Boeing 787 Dreamliner Rolls Out Smoother Ride with Gust Suppression Boeing’s 787 Dreamliner will use a smoother ride technology that anticipates the inertial response of the airplane. Result: Smoother ride, less motion sickness. Full Story Scanners Test the Limits of Mechatronics When you take 120,000 3D measurements per second with a +/- 3 mm accuracy at 25m, your technology platform had better be precise. Full Story MIT Moves Forward with Smart Cities and Stackable Cars MIT’s Media Lab redesigns the automobile as a shared-use city car based on developments in robotic wheel technology. Full Story Festo’s Bionic Demos Use Fluidic Muscle Festo usually likes to have some fun with its exhibit at the Hannover Fair. The company displayed a racing simulator, a robotic arm capable of human-like movements and remote-controlled "manta rays." Full Story
Probe Choice Can Make the Difference in Effective TestingTesting and diagnosis of components in computer systems is challenging. It is difficult to make contact with the exact point you need. High-density, multi-layer circuit boards and closely spaced components make probing difficult. Find out how you can effectively test in any type of situation.
Sponsored Technology Content RAQ's – Things (animals and ADCs) aren't always what they seemIn partnership with ADI Must you consider high frequency issues when driving a slow ADC? Yes, but there are two ways to approach the circuitry driving ADC input. Contributing writer, James Bryant explains this in another strange but true stories from the call logs of Analog Devices. Read More
PAST GADGET FREAKS
Rob's Watching His Truck's Diet To improve the fuel efficiency of his thirsty truck, Robert Kwiatkowski's doing data logging via the OBDII port using this simple interface, a laptop computer and Windmill, a data acquisition application.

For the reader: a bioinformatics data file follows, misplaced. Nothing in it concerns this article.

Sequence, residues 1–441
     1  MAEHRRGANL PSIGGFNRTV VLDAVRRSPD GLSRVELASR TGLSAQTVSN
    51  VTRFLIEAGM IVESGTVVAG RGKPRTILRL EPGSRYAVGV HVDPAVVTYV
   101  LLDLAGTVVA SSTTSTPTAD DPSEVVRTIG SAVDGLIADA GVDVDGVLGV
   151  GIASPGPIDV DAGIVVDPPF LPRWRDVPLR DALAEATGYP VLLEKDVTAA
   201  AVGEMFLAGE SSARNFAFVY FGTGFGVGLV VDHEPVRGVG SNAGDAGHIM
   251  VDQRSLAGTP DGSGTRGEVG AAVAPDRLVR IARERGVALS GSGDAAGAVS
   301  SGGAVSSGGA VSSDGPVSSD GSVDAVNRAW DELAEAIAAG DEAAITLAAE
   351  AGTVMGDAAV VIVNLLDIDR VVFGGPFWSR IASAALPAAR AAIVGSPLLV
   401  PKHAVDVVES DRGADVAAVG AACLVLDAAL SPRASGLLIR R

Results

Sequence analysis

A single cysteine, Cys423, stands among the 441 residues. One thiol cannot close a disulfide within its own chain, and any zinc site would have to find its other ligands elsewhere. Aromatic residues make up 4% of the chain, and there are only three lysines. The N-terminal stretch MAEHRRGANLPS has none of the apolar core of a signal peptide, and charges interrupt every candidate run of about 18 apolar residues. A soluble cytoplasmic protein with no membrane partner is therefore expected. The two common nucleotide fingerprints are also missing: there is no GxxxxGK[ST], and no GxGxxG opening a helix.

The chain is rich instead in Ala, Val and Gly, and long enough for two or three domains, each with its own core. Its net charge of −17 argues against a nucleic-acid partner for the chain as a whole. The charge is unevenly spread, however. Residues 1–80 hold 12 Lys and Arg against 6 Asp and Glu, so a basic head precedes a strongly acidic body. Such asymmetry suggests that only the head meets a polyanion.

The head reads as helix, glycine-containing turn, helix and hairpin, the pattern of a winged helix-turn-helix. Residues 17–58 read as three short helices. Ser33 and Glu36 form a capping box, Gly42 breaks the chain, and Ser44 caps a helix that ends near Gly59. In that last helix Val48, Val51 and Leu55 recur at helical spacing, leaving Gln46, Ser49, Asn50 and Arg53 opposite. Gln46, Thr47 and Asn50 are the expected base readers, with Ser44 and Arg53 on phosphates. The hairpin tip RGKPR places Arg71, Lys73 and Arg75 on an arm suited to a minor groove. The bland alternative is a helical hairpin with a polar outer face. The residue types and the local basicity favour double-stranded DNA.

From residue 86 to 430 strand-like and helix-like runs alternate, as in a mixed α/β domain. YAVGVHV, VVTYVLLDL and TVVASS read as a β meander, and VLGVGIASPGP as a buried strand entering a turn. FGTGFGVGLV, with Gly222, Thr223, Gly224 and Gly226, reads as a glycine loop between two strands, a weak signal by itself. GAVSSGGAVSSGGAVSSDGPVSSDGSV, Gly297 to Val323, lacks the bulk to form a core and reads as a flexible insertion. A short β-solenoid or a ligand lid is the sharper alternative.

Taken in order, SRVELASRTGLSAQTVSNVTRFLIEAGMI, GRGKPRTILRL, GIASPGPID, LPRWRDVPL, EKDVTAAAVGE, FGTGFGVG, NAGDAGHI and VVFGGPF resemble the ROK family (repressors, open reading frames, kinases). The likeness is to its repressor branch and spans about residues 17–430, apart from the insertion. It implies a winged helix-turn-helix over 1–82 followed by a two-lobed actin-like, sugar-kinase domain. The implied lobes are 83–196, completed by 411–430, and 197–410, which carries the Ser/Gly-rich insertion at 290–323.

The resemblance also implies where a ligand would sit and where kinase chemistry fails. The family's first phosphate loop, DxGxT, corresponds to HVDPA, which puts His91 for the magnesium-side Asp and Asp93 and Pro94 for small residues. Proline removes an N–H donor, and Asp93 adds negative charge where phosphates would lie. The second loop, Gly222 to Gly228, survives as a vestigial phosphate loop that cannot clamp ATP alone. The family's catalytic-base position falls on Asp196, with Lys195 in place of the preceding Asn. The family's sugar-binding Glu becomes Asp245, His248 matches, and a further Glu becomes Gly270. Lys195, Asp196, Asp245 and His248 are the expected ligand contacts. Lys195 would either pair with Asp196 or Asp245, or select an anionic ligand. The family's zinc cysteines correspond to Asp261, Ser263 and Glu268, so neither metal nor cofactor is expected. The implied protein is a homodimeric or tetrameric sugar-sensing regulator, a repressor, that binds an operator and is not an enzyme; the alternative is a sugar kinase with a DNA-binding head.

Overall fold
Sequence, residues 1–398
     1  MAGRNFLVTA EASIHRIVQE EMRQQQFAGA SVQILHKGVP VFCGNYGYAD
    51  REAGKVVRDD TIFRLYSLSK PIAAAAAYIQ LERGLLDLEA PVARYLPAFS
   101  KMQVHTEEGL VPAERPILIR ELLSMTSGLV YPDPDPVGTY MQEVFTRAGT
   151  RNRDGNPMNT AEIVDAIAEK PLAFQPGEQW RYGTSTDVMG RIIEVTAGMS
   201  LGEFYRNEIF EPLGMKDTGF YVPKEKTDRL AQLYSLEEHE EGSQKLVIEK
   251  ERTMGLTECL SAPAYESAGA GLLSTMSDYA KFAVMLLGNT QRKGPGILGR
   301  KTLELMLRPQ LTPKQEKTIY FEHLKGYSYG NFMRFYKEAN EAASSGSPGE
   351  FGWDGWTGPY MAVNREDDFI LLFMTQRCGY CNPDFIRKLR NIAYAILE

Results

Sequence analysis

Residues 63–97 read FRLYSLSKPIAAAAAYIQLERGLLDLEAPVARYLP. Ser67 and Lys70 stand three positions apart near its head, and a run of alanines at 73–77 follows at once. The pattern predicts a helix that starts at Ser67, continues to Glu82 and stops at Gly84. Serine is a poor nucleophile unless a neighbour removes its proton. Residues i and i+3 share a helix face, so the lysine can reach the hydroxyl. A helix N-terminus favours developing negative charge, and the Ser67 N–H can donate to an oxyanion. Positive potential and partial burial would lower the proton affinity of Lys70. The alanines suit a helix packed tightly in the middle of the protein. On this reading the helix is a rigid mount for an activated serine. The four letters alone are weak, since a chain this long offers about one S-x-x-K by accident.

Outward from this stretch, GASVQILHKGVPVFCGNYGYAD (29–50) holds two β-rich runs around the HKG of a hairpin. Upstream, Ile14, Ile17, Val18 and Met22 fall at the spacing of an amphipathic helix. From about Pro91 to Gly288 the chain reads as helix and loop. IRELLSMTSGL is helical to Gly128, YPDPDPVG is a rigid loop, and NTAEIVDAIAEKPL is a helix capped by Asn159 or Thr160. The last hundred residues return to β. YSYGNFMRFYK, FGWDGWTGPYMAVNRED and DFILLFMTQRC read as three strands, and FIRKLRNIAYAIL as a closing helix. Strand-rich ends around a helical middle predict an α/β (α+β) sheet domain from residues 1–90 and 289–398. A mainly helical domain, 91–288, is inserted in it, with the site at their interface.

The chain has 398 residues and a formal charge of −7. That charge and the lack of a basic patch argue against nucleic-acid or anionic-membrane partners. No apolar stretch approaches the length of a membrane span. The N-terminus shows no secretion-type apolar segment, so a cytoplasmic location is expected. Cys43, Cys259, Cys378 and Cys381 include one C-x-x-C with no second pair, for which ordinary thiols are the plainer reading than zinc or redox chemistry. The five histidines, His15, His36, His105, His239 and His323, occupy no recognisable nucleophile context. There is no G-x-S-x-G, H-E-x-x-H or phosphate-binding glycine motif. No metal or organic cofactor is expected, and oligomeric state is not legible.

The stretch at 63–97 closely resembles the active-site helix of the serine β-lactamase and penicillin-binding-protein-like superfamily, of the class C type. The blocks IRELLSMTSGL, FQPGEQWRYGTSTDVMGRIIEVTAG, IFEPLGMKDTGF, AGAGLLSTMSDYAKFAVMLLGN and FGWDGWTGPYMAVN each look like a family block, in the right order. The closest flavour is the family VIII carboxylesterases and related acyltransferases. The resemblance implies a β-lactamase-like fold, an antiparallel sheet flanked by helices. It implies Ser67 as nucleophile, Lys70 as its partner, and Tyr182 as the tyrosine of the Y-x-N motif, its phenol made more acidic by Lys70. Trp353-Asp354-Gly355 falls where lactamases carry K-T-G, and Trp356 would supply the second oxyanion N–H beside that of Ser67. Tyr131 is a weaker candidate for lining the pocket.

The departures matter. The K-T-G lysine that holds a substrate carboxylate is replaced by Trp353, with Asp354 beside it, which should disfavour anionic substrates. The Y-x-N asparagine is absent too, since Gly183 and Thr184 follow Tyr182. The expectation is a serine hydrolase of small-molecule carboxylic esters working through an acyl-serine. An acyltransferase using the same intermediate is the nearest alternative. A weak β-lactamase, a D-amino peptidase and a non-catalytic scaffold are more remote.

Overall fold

In at Whatever, Out at 12:00 John Linstrom's portable tape player made quick roadkill of batteries. This Buck/Boost voltage regulator solved that problem.
William Noticed a Vibration The fluid in William Grill's Seismic Detector reveals subtle vibrations. The detector is built around a laser pointer, hobby-type mirrors, a PIN photdiode and a regulator and amplifier.
The French Fryin' Legion's New Secret Weapon Boeing 787 Dreamliner Rolls Out Smoother Ride with Gust Suppression Scanners Test the Limits of Mechatronics MIT Moves Forward with Smart Cities and Stackable Cars Festo’s Bionic Demos Use Fluidic Muscle Past Gadget Freaks Contact Us
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In a bid to boost the viability of lithium-based electric car batteries, a team at Lawrence Berkeley National Laboratory has developed a chemistry that could possibly double an EV’s driving range while cutting its battery cost in half.
Using Siemens NX software, a team of engineering students from the University of Michigan built an electric vehicle and raced in the 2013 Bridgestone World Solar Challenge. One of those students blogged for Design News throughout the race.
Robots that walk have come a long way from simple barebones walking machines or pairs of legs without an upper body and head. Much of the research these days focuses on making more humanoid robots. But they are not all created equal.
For industrial control applications, or even a simple assembly line, that machine can go almost 24/7 without a break. But what happens when the task is a little more complex? That’s where the “smart” machine would come in. The smart machine is one that has some simple (or complex in some cases) processing capability to be able to adapt to changing conditions. Such machines are suited for a host of applications, including automotive, aerospace, defense, medical, computers and electronics, telecommunications, consumer goods, and so on. This discussion will examine what’s possible with smart machines, and what tradeoffs need to be made to implement such a solution.